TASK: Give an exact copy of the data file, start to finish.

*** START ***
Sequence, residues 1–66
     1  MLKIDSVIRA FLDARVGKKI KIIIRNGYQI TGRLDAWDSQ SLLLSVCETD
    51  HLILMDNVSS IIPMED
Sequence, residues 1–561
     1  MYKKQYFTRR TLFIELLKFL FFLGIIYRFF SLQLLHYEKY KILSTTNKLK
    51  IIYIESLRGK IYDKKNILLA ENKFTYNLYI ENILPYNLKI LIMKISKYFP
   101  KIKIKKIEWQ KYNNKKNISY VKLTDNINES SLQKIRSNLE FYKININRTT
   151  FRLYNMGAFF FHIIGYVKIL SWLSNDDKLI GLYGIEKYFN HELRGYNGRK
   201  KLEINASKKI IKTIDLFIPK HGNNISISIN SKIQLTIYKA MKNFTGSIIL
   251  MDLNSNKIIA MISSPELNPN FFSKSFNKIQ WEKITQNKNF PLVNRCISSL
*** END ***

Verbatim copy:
Sequence, residues 1–66
     1  MLKIDSVIRA FLDARVGKKI KIIIRNGYQI TGRLDAWDSQ SLLLSVCETD
    51  HLILMDNVSS IIPMED
Sequence, residues 1–561
     1  MYKKQYFTRR TLFIELLKFL FFLGIIYRFF SLQLLHYEKY KILSTTNKLK
    51  IIYIESLRGK IYDKKNILLA ENKFTYNLYI ENILPYNLKI LIMKISKYFP
   101  KIKIKKIEWQ KYNNKKNISY VKLTDNINES SLQKIRSNLE FYKININRTT
   151  FRLYNMGAFF FHIIGYVKIL SWLSNDDKLI GLYGIEKYFN HELRGYNGRK
   201  KLEINASKKI IKTIDLFIPK HGNNISISIN SKIQLTIYKA MKNFTGSIIL
   251  MDLNSNKIIA MISSPELNPN FFSKSFNKIQ WEKITQNKNF PLVNRCISSL